Small Business and Startups: What I am Using Now (5 Free Tools!)

As a manager of a small online business, I wear a whole range of hats: I supervise marketing, customer service, engineering, business intelligence, HR, and operations (among other things).

My days are full, my hours are long, and my budget is ever limited.

I anticipated this when writing a business plan and starting the business, but anticipating something and managing the reality of that thing are very different concepts.

Like all of us, I am constantly looking for money-savers and productivity-boosters, and because my days are spent in front of my computer, I need tools that allow me to do the most work in the shortest amount of time for the smallest investment of cash.

Fortunately for me, there are roughly, um, gazillions of apps, websites, SaaS products, and off-the-shelf software products to help me. To choose amongst these, I look for several key qualities in a new tool: 1) does it solve the problem I am addressing, 2) can it be used collaboratively?  3) is it easy to learn and stable? and 4) is it affordable?

Here are a few free tools that can help you to run your small business more efficiently.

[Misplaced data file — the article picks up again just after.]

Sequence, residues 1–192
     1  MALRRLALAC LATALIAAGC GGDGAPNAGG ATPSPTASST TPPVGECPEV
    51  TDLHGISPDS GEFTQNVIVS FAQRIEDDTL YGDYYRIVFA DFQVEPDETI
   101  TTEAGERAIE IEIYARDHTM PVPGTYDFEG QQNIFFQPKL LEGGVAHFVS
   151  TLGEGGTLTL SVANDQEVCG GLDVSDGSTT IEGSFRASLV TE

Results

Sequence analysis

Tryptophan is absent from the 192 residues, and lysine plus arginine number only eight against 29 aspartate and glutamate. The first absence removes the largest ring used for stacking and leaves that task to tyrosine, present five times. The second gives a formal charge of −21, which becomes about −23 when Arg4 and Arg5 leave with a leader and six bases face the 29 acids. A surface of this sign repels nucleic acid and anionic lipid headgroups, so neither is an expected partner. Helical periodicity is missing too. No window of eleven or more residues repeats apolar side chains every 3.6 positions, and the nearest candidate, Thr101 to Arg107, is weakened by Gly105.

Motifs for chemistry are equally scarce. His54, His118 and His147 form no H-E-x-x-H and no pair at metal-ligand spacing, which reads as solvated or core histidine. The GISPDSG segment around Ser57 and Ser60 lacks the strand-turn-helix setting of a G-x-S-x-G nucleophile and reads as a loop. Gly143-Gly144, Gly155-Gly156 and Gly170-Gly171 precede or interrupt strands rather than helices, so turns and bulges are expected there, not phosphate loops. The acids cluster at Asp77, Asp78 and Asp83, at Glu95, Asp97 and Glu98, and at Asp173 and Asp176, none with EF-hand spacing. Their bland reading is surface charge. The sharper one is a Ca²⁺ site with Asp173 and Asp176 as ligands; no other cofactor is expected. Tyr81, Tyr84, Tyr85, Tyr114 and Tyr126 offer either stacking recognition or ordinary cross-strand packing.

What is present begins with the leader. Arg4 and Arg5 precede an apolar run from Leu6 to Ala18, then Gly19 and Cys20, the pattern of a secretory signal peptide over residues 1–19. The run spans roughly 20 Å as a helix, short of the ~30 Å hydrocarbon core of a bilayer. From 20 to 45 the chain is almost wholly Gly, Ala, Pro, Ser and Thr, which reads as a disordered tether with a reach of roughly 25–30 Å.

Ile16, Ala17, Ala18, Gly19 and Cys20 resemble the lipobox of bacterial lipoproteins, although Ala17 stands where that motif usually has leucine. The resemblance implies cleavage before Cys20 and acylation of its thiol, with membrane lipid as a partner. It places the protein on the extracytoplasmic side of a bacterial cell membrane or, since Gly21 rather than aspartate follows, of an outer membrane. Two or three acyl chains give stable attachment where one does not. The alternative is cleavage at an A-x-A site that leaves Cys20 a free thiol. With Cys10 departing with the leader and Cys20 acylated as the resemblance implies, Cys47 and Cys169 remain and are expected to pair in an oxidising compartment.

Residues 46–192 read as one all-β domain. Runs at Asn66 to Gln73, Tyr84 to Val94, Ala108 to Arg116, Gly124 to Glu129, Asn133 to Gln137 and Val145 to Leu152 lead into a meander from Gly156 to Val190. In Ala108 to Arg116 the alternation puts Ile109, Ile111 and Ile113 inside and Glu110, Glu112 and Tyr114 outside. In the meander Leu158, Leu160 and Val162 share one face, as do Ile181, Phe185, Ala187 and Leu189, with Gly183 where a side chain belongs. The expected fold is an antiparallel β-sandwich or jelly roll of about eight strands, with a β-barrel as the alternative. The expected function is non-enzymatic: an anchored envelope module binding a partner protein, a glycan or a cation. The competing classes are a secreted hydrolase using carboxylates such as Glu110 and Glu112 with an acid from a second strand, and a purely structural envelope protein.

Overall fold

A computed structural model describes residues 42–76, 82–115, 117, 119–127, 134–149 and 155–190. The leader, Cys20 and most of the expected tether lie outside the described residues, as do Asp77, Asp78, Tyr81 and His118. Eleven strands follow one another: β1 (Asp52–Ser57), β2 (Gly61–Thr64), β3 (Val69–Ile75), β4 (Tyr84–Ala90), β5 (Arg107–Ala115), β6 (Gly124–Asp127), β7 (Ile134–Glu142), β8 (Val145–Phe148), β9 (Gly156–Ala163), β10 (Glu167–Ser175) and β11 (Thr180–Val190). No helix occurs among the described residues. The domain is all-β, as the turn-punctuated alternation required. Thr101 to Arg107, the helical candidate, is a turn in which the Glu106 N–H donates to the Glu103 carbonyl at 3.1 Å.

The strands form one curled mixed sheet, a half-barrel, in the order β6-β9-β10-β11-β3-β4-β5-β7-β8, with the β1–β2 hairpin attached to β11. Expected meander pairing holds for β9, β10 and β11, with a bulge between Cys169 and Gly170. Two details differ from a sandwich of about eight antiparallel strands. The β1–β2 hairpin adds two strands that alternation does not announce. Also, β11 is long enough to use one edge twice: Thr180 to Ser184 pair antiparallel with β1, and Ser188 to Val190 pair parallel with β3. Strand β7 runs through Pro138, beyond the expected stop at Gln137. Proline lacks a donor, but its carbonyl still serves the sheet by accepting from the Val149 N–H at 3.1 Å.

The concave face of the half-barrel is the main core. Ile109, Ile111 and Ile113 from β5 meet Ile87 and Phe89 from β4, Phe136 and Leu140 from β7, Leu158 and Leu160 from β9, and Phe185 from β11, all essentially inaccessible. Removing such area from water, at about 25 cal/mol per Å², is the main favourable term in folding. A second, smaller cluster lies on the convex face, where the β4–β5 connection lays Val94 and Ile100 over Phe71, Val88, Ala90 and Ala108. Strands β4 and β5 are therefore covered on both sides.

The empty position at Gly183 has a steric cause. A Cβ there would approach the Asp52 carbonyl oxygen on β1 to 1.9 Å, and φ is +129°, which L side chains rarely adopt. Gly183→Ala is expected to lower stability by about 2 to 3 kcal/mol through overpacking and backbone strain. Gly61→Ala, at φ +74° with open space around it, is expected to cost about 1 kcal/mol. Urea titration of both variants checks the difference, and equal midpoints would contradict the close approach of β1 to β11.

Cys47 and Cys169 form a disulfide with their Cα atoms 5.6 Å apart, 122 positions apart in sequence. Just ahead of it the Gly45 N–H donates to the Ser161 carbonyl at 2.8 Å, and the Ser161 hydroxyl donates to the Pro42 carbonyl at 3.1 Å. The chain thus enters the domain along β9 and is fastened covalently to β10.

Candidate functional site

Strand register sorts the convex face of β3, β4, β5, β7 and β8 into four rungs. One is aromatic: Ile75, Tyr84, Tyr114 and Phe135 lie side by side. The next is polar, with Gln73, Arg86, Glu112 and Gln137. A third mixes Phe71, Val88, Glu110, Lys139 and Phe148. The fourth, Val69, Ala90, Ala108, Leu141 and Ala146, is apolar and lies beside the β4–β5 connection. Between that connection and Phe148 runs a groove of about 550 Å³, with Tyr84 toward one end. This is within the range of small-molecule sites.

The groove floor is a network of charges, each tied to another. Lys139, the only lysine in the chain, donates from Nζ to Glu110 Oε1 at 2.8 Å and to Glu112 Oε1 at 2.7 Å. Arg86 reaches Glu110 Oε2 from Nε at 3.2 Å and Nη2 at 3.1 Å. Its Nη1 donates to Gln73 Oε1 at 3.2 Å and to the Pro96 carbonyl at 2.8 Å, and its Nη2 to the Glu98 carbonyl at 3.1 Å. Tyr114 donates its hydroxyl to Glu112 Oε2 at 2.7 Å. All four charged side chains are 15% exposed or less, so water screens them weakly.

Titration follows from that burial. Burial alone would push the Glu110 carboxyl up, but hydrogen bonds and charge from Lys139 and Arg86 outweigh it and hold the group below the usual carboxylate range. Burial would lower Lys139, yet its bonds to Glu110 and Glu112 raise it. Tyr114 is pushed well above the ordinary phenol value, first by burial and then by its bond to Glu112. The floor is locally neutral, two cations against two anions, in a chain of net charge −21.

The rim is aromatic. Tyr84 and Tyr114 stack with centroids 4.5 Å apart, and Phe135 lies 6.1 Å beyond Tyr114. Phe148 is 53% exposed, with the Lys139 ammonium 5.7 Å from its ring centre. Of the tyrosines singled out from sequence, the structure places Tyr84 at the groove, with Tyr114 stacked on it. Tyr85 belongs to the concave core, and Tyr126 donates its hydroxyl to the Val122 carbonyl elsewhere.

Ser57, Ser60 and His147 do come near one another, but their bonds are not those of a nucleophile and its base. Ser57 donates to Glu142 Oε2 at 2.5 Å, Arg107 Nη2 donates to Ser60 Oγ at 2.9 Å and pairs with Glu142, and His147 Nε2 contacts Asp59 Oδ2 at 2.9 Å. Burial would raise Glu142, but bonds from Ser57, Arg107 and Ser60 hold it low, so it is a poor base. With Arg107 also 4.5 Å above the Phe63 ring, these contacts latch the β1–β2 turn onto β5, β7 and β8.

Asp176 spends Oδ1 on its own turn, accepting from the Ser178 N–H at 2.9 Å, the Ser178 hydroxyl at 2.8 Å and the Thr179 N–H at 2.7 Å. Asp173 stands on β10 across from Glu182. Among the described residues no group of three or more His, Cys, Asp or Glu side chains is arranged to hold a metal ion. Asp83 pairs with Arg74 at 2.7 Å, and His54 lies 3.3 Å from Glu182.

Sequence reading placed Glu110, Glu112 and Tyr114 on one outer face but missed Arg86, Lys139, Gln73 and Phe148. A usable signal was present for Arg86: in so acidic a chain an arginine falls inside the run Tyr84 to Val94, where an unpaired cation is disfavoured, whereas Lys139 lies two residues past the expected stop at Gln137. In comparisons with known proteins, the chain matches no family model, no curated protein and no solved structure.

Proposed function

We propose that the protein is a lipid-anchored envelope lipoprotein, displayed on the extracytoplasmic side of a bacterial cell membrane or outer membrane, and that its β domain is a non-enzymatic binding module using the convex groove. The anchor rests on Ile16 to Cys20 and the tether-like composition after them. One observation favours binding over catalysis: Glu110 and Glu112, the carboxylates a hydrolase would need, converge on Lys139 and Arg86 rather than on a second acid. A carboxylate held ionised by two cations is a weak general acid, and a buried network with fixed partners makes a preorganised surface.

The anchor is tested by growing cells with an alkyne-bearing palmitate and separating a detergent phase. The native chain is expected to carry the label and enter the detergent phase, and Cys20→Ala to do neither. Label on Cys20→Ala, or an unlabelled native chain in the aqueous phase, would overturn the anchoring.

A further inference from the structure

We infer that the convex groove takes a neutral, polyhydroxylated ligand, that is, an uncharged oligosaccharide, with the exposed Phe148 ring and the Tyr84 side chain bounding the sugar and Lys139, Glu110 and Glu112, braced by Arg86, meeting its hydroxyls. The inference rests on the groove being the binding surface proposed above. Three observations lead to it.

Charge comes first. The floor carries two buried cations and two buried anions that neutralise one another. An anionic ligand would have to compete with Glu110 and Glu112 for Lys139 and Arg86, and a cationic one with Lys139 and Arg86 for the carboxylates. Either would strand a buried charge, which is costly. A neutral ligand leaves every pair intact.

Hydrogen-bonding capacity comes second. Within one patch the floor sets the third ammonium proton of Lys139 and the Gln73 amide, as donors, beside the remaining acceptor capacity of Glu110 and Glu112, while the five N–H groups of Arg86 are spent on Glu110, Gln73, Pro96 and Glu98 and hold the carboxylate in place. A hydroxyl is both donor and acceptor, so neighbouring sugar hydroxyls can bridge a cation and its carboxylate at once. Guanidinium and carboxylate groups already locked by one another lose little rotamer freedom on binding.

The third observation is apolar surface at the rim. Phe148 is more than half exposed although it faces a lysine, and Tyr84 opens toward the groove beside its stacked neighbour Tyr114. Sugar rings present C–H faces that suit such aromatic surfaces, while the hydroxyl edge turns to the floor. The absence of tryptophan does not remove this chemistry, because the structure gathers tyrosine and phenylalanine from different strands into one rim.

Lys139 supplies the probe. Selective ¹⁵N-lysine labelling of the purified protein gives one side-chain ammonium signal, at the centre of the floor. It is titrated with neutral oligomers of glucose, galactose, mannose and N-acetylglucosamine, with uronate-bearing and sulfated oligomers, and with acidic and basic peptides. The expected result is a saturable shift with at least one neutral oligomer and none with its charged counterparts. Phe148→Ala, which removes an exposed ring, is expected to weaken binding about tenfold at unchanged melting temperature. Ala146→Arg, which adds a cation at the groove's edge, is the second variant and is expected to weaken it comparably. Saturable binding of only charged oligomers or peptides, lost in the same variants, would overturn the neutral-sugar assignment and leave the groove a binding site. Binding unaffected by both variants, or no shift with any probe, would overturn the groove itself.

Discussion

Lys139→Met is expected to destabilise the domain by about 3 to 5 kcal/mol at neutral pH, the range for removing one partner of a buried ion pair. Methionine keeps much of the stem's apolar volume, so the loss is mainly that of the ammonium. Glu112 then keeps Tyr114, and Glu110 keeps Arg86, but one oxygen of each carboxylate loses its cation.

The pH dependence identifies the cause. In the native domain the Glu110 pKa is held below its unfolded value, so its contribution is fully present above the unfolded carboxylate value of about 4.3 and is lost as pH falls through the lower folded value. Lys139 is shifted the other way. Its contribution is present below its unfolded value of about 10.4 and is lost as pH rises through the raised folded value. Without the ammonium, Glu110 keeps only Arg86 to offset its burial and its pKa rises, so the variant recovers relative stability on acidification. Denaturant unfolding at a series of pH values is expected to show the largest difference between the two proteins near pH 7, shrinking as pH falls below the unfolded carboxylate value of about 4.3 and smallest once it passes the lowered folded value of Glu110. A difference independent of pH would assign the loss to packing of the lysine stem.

1. Social Media Content Management.

Buffer solves a major problem for me: how to stay as active as possible in social media channels with a minimal investment of time and without having to monitor my own feeds and lists every minute of every day.

Using Buffer, I can share content to my Twitter, Facebook, Google+, and LinkedIn accounts from any webpage, with a click. It allows me to schedule specific days and times I want to share, customize the messages I send, and select an image to include with the scheduled post so that in one or two short sessions per week, I can make sure there is always rich content queued up and ready to share.

Multiple people can share and manage one Buffer queue, and the simplicity of the software means the learning curve can be surmounted in minutes. Buffer does offer high-volume business plans for power users, but for most people, the inexpensive “Awesome plan” offers plenty of horsepower.

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2. Online Search Ad Management.

Do you manage your PPC campaigns on Google? Do you find yourself scratching your head as you attempt to navigate through the thickets of your campaigns online?